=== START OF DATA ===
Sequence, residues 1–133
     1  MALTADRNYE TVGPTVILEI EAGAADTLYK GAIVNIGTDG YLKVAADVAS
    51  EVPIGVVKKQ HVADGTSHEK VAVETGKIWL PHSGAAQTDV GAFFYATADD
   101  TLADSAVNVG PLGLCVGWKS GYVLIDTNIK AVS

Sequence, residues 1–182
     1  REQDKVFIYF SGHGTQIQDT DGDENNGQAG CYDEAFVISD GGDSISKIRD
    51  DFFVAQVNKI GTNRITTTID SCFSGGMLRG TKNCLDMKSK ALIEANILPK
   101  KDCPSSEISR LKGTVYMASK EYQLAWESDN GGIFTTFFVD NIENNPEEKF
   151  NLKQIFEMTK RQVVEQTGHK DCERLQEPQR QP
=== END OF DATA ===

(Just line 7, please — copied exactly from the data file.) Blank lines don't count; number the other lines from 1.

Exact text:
    51  DFFVAQVNKI GTNRITTTID SCFSGGMLRG TKNCLDMKSK ALIEANILPK